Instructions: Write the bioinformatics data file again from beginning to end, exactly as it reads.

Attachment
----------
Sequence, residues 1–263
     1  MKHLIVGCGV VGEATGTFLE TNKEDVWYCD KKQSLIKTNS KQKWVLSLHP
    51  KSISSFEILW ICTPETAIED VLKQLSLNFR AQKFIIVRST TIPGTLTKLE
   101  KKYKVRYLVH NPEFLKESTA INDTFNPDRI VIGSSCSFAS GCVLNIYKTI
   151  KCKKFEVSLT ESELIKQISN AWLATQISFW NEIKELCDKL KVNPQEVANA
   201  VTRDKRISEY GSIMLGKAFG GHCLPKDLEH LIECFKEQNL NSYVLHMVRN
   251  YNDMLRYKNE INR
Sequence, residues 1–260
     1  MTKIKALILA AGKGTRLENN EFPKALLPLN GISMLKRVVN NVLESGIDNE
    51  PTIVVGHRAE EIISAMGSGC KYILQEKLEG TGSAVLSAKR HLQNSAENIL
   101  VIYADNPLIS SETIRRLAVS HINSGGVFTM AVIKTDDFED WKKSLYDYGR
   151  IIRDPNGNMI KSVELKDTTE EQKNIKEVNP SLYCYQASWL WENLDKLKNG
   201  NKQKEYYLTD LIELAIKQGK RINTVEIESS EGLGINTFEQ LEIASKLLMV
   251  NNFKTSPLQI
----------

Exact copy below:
Sequence, residues 1–263
     1  MKHLIVGCGV VGEATGTFLE TNKEDVWYCD KKQSLIKTNS KQKWVLSLHP
    51  KSISSFEILW ICTPETAIED VLKQLSLNFR AQKFIIVRST TIPGTLTKLE
   101  KKYKVRYLVH NPEFLKESTA INDTFNPDRI VIGSSCSFAS GCVLNIYKTI
   151  KCKKFEVSLT ESELIKQISN AWLATQISFW NEIKELCDKL KVNPQEVANA
   201  VTRDKRISEY GSIMLGKAFG GHCLPKDLEH LIECFKEQNL NSYVLHMVRN
   251  YNDMLRYKNE INR
Sequence, residues 1–260
     1  MTKIKALILA AGKGTRLENN EFPKALLPLN GISMLKRVVN NVLESGIDNE
    51  PTIVVGHRAE EIISAMGSGC KYILQEKLEG TGSAVLSAKR HLQNSAENIL
   101  VIYADNPLIS SETIRRLAVS HINSGGVFTM AVIKTDDFED WKKSLYDYGR
   151  IIRDPNGNMI KSVELKDTTE EQKNIKEVNP SLYCYQASWL WENLDKLKNG
   201  NKQKEYYLTD LIELAIKQGK RINTVEIESS EGLGINTFEQ LEIASKLLMV
   251  NNFKTSPLQI